Print this Page

Thirst and Bethlehem’s baby

On the last day of the Feast, the great day, Jesus stood up and cried out, “If anyone thirsts, let him come to me and drink. Whoever believes in me, as the Scripture has said, ‘Out of his heart will flow rivers of living water.’” Now this he said about the Spirit, whom those who believed in him were to receive, for as yet the Spirit had not been given, because Jesus was not yet glorified. When they heard these words, some of the crowd said, “This really is the Prophet.” Others said, “This is the Christ.” But some said, “Is the Christ to come from Galilee? Has not the Scripture said that the Christ comes from the offspring of David, and comes from Bethlehem, the village where David was?” So there was a division among the crowd over him. Some of them wanted to arrest him, but no one laid hands on him. The civil servants then came to the chief priests and Pharisees, who said to them, “Why did you not bring him?” The civil servants answered, “No one ever spoke like this man!” The Pharisees answered them, “Have you also been deceived? Have any of the authorities or the Pharisees believed in him? But this crowd that does not know the law is accursed.” Nicodemus, who had gone to him before, and who was one of them, said to them, “Does our law judge a man without first giving him a hearing and learning what he does?” They replied, “Are you from Galilee too? Search and see that no prophet arises from Galilee.” John 7: 37-52
The incident in bold above is from John’s eyewitness first century biography of Jesus. Several different individuals and groups participate. Let’s take a look.

Jesus. It’s the last day of the Feast of Tabernacles in Jerusalem. That Feast is still celebrated today. Tabernacles are small tents or huts (Hebrew “Sukkot”) reminiscent of the 40-year period back around BC 1300 when the Jews were en route from Egypt to the Promised Land. They lived in tents – and their greatest daily need in the desert was for water.


‘I think the fire that is mentioned in the Bible is a burning thirst for God that can never be quenched.’ (Billy Graham) 
At this very same Feast Jesus speaks, “If anyone thirsts, let him come to me and drink. Whoever believes in me, as the Scripture has said, ‘Out of his heart will flow rivers of living water.’” 

“As the Scripture has said”? The ancient Scriptures of the Jews included this promise to them from the LORD God through Isaiah around 700 BC: “I will pour water on the thirsty land, and streams on the dry ground; I will pour my Spirit upon your offspring, and my blessing on your descendants.” Jesus’ invitation was astounding.

The crowd. These words – and the man who spoke them – must have resonated deeply within the crowd. Some then said he was the Prophet promised through Moses (1350 BC); some said he was the Messiah promised through Isaiah and others (BC 700); some said that because he wasn’t from Bethlehem he couldn’t be the Messiah; some even wanted him to be arrested – stopped. No consensus among the people.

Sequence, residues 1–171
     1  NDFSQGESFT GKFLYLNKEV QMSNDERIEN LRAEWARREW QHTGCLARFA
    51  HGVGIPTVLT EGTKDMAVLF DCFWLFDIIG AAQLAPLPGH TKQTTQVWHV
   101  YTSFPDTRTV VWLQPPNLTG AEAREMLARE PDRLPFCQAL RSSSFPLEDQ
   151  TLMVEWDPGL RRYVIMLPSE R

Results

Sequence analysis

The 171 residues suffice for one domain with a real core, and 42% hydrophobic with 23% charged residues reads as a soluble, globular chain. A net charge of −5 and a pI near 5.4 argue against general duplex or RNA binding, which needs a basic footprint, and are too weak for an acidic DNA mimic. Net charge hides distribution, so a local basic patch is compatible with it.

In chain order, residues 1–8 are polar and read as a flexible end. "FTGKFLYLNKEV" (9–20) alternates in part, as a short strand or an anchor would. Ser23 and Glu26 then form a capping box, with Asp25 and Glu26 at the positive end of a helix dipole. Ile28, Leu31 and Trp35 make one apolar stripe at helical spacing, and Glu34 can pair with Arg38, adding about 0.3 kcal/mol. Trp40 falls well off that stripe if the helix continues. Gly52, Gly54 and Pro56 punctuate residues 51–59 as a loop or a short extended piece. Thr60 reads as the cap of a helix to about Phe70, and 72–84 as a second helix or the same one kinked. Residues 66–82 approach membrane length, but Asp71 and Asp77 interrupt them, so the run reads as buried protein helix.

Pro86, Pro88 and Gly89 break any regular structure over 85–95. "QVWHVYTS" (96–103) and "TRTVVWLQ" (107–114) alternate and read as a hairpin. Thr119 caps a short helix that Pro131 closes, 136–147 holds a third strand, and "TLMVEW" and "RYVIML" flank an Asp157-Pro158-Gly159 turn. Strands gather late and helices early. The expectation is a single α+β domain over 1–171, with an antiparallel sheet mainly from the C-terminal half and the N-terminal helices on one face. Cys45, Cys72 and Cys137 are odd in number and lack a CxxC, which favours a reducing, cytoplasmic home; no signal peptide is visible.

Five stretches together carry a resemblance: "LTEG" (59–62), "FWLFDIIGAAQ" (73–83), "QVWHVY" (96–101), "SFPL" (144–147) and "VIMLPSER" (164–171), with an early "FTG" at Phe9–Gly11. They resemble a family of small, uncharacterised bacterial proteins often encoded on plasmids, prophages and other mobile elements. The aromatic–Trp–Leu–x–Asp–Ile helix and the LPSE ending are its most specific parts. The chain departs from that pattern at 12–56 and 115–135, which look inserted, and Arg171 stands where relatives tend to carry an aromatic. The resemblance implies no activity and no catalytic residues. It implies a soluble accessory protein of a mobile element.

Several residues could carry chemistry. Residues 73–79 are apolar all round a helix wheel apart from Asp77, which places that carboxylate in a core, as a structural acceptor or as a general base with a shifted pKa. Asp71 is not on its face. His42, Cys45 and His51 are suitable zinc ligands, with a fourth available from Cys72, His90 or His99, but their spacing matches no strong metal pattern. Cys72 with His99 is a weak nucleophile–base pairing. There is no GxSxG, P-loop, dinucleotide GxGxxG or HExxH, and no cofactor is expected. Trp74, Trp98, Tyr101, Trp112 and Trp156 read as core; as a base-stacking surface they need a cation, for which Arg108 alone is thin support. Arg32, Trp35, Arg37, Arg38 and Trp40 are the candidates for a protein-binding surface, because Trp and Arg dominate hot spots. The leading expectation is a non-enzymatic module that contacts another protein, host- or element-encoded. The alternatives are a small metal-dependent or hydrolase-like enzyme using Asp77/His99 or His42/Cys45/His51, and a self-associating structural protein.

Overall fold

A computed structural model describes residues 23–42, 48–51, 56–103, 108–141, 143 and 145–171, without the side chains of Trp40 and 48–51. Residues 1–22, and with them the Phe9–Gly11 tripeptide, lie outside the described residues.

The civil servants. These were employees of the “authorities” - of the non-military legislature and executive combined. The authorities had ordered them to arrest Jesus. Despite being contractually obliged to obey the orders of their superiors, this man’s invitation stopped them doing so. “If anyone thirsts, let him come to me and drink.” They failed to obey orders.

The chief priests and the Pharisees. The chief priests were the senior leaders of the “authorities”. The Pharisees were members of that religious political Party and some were also part of the “authorities”. Their civil servants had failed. Judgment must fall on them – and on the crowd. Their civil servants are "deceived" because (a) they, the “authorities”, don’t believe in this man and (b) unlike the “authorities”, “this crowd that does not know the law is accursed” – is under the wrath of God. 


‘After digging a thousand wells of my own and stumbling upon a thousand others dug by the hands of thirsty men, I have yet to realize that the only well that can satiate every thirst is the one that folk will never dig.’ (Craig Lounsbrough) 
Nicodemus. This man was a Pharisee and also one of the “authorities”. He protests at the sudden condemnation, by his colleagues, of Jesus – as shown by their opinion of others. 

This protest then brings their judgment upon him personally. They decide that he, being a Galilean like Jesus, is biased – but he’s merely asking them to judge rightly. Then they tell him that he’s ignorant because he should know that no ancient prophet ever came from Galilee. This is a lie because the prophet Jonah came from there. And Jesus was from Bethlehem, not Galilee.

Did anyone hear what Jesus said and, thirsty, go to him? “If anyone thirsts, let him come to me and drink. Whoever believes in me, as the Scripture has said, ‘Out of his heart will flow rivers of living water.’” 

Sinner Syvret

Email this newsletter to a friend
*All mandatory fields must be filled in

Friend`s name
Friend`s email address *
Your name
Your email address *

Send comment
*All mandatory fields must be filled in

Your name *
Your email address *
Your comment *